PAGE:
The history of the Fort Monroe site spans nearly four centuries, dating back to the birth of America with the first settlers in 1609, to being a haven for slaves during the Civil War, to serving as a bastion of defense for the Chesapeake Bay during World War II. Fort Monroe is considered to be a site of African American cultural significance as a result of the historical events that took place here during the Civil War.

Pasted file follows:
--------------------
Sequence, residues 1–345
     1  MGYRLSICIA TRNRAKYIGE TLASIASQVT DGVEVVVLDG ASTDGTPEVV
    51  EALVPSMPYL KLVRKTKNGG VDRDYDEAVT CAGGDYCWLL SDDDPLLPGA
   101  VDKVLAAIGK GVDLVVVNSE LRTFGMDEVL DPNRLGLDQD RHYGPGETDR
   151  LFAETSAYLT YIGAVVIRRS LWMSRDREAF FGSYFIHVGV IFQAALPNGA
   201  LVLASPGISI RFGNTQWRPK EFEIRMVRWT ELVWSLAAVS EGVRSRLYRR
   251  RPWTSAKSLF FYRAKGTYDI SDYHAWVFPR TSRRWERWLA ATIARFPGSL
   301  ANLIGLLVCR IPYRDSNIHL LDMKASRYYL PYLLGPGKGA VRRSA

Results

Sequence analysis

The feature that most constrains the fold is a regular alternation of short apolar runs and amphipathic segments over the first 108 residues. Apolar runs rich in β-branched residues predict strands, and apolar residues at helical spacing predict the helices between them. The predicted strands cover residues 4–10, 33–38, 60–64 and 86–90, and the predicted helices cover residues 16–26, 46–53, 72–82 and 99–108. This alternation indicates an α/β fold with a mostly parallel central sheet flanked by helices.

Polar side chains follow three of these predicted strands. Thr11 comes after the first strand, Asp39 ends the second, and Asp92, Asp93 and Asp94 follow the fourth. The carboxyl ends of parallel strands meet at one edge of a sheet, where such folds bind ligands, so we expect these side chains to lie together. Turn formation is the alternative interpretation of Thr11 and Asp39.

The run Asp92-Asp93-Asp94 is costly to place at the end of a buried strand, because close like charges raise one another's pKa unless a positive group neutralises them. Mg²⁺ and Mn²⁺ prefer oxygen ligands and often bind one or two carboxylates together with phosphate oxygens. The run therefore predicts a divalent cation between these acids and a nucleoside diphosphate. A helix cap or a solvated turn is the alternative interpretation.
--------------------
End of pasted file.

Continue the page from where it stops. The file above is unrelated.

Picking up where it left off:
The Battle of Sewell's Point and notably the Battle of Big Bethel both took place near Fort Monroe, which played a critical role in the battles. However, on May 27, 1861, Major General Benjamin Butler made the famous "Fort Monroe Doctrine," determining that escaping slaves who reached Union lines would be considered contraband and not be returned to bondage. Even though Virginia had seceded from the Union in 1861, Fort Monroe stayed in Union hands for the entirety of the Civil War and served as a haven for slaves escaping to freedom. In 1864, the Union Army of the James under Major General Benjamin Butler was formed at Fort Monroe, which included two colored regiments: the 2nd Regiment, United States Colored Cavalry and the 1st Regiment, United States Colored Cavalry. These regiments served gallantly in the Siege of Petersburg in 1864.